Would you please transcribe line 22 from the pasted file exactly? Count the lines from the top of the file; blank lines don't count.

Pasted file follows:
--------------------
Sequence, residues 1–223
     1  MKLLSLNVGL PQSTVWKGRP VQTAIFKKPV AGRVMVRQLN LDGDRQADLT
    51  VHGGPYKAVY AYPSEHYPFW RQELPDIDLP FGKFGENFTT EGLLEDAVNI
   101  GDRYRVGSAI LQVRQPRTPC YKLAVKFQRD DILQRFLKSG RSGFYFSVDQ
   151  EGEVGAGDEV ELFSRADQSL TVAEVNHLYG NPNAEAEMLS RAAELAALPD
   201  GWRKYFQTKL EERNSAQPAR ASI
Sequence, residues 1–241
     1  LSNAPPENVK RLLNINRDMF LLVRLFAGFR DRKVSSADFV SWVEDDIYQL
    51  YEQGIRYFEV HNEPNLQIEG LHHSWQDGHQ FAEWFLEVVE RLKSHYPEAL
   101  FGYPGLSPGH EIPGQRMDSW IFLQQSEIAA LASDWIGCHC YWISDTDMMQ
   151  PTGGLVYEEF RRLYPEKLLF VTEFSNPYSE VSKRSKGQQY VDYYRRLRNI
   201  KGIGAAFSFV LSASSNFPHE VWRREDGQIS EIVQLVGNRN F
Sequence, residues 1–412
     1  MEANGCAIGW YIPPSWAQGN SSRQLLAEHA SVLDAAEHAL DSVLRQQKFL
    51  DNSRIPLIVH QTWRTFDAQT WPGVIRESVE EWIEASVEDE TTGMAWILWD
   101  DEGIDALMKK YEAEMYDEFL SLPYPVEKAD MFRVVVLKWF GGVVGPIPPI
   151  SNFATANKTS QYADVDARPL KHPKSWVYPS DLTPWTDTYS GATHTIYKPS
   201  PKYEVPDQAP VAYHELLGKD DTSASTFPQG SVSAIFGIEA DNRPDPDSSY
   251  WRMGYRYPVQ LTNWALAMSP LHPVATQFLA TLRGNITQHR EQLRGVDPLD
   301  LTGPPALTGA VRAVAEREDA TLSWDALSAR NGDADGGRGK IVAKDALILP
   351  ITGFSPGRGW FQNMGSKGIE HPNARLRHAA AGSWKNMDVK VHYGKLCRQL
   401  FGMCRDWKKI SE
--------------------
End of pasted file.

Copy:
   401  FGMCRDWKKI SE